The Power of Groups (part I) – Scaffold Definition

Much has been written on the subject of power. This is my honest attempt to form a philosophical construct before reading this extensive body of literature.

The necessary beginning before discussing group power is the subject of individual power. My starting place is that of basic physics. Power is the ability to do work; to mold the world around us to our liking. This is a type of boundless freedom that I would like to refer to as “freewhim”. Which combines freedom, whim or desire, and the means to fulfill this desire.

Breaking down power in reverse order we can begin with what power affords, then the means or levers of achieving this and then finally the foundation, or fulcrum upon which such levers are applied.

What does power afford? The ability to exert “freewhim” in various dimensions, political, economic, and physical (labour, environment, violence). Let’s work through these in order from basic to most complex, but it is at this point that we must transcend from the individual to the group.

Each of these dimensions of power can be applied from the perspective of the individual or the group. The reach of a single human being can only be extended so far, unless they hold power over a group, or in fact a group can form around a single person (there is a subtle difference here that we can revisit).

The basic distinguishing factor is that individual power is the ability to “do”, group power is the ability to coordinate the behavior of others.

1) Physical

  • Environment: thing of chopping wood or shoveling dirt. This is a physical power over the environment, or at least to understand and predict its action.
  • Labour: This can be other forms of work or action not necessarily environmental, but to create tools and products.
  • Violence: The threat of physical harm is an embodiment of physical power.

2) Economic:

  • Purchasing: The ability to buy goods and services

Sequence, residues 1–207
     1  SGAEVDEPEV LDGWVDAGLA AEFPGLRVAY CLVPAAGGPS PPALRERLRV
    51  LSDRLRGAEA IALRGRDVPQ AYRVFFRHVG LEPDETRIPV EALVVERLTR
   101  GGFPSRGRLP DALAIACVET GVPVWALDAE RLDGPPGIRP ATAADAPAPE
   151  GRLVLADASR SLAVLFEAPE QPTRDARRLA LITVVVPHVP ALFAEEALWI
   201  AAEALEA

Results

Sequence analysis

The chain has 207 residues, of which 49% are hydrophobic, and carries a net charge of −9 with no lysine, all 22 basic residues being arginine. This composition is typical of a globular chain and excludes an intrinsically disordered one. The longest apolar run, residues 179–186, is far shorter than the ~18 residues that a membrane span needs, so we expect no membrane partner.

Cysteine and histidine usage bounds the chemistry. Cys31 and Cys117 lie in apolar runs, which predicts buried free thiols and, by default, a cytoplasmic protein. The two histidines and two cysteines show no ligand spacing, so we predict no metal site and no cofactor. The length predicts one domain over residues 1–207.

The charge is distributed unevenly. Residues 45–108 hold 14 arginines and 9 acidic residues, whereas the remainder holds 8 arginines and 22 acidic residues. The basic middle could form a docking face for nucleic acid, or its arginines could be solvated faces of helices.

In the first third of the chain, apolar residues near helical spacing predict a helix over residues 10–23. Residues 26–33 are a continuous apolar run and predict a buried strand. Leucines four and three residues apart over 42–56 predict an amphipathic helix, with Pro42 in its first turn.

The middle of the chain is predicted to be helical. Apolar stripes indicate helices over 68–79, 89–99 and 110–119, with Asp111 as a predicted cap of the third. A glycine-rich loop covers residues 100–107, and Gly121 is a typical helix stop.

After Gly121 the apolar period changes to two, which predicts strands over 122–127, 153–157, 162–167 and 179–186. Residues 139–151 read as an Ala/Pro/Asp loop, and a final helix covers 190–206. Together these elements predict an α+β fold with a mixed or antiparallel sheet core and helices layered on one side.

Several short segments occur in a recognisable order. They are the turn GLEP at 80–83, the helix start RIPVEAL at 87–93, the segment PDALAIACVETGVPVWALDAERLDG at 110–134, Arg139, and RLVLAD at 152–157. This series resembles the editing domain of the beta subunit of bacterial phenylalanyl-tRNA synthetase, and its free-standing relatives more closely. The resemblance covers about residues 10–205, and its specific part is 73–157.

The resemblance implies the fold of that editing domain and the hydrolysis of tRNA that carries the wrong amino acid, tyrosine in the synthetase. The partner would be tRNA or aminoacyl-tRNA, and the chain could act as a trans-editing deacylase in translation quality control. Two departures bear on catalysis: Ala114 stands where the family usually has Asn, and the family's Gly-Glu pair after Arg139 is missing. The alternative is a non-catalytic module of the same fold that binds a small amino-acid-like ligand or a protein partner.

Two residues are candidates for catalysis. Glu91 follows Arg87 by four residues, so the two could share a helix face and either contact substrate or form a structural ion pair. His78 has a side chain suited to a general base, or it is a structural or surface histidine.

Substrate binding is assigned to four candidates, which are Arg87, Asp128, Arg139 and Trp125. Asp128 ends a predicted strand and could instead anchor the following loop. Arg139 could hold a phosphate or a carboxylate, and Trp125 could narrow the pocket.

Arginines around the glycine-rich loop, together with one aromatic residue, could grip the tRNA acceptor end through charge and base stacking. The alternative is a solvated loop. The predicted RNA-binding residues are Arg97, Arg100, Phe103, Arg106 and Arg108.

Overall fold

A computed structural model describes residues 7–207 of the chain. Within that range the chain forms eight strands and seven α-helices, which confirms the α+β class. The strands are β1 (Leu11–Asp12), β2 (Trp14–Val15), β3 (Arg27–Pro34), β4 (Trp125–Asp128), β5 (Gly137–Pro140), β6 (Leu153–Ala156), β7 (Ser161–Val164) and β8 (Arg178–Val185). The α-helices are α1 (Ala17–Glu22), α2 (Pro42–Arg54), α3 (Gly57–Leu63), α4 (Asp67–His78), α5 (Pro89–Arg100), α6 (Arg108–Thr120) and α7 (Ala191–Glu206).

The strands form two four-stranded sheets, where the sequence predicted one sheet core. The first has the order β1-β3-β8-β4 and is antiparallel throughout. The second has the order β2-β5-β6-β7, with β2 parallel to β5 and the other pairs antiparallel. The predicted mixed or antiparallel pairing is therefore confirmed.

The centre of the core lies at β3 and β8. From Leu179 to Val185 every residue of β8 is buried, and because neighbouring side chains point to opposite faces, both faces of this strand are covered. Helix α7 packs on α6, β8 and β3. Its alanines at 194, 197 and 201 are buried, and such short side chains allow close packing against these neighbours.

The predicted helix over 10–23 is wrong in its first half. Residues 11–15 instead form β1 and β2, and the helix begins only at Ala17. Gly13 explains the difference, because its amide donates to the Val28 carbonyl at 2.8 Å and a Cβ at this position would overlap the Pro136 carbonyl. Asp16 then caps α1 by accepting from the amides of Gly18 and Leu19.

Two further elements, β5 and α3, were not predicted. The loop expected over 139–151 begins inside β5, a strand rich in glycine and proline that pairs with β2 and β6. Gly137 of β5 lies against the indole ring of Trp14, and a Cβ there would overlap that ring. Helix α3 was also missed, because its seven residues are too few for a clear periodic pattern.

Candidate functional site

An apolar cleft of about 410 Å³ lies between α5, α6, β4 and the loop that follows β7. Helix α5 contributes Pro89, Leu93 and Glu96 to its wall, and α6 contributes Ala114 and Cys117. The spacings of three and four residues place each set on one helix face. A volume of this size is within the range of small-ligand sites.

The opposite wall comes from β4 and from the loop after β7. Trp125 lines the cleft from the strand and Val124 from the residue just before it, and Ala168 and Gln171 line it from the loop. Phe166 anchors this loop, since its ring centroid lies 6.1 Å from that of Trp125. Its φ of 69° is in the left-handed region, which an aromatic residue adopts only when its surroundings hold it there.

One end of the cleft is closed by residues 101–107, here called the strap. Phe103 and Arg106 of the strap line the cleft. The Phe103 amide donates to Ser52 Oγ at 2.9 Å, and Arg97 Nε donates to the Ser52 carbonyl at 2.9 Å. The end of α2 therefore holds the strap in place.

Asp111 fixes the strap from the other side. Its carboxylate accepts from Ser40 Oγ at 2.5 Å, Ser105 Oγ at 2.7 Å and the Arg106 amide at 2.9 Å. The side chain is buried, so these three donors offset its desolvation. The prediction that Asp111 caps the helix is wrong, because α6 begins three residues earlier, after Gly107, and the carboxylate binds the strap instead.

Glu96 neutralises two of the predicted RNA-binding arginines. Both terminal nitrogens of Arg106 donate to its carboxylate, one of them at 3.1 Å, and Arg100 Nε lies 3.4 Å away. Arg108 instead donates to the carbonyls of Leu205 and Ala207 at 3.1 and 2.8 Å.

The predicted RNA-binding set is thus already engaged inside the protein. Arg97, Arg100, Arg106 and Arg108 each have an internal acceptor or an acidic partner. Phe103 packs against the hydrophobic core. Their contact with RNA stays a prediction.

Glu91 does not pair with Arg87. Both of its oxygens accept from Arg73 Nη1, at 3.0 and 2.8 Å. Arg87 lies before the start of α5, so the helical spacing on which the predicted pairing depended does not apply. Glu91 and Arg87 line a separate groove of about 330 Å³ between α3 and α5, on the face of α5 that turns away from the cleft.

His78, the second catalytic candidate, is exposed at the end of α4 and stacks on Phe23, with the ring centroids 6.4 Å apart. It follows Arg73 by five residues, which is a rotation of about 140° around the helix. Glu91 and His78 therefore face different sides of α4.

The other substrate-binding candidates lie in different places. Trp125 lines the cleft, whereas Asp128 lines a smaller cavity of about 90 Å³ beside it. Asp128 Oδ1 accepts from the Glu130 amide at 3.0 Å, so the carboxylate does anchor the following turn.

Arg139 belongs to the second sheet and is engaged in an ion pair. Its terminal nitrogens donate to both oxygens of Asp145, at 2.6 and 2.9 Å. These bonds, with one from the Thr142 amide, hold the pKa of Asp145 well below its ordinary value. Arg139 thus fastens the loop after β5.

• Employing: A form of power over other people. Offering wages is actually a form of coercion but perhaps a more friendly means than threat of physical violence.
  • Leverage: I’m not quite sure what to call this, but there is a way in which indirect economic forces and be used to coerce someone. This can be through debt or the threat of economic action. For example, “if you don’t do what i want, i’ll buy your land and kick you off of it.”

3) Political: By far the most powerful because it involves the spread of ideas to control groups.

  • Influence: The ability to convince others how to use their powers (as listed above)
  • Legal: This is the power to decide the boundaries of the group to understand how status is afforded to members, who is let in and who is expelled, who is rewarded and who is punished.
  • Social Exclusion: Counted here would be banishment, as well as incarceration. These are punishments for violating legal boundaries. There is a heavy social component here though.
  • Group level versions of all other forms of power can be wielded politically as well. This includes economic forms such as taxation, and of physical forms such as incarceration or other physical methods of punishment.

Keep in mind here that i do not mean these idea to be explicitly applied to governance systems, but to “any” group from the level of family all the way up to multinational alliances.

As an addendum there is an important subtlety that each form of power where humans are involved can be exerted through coercion or persuasion. Coercion being through use of force or incentive, and persuasion being a method by which people believe that they are acting out of their own interests.

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About livingthememe

engineer and armchair philosopher
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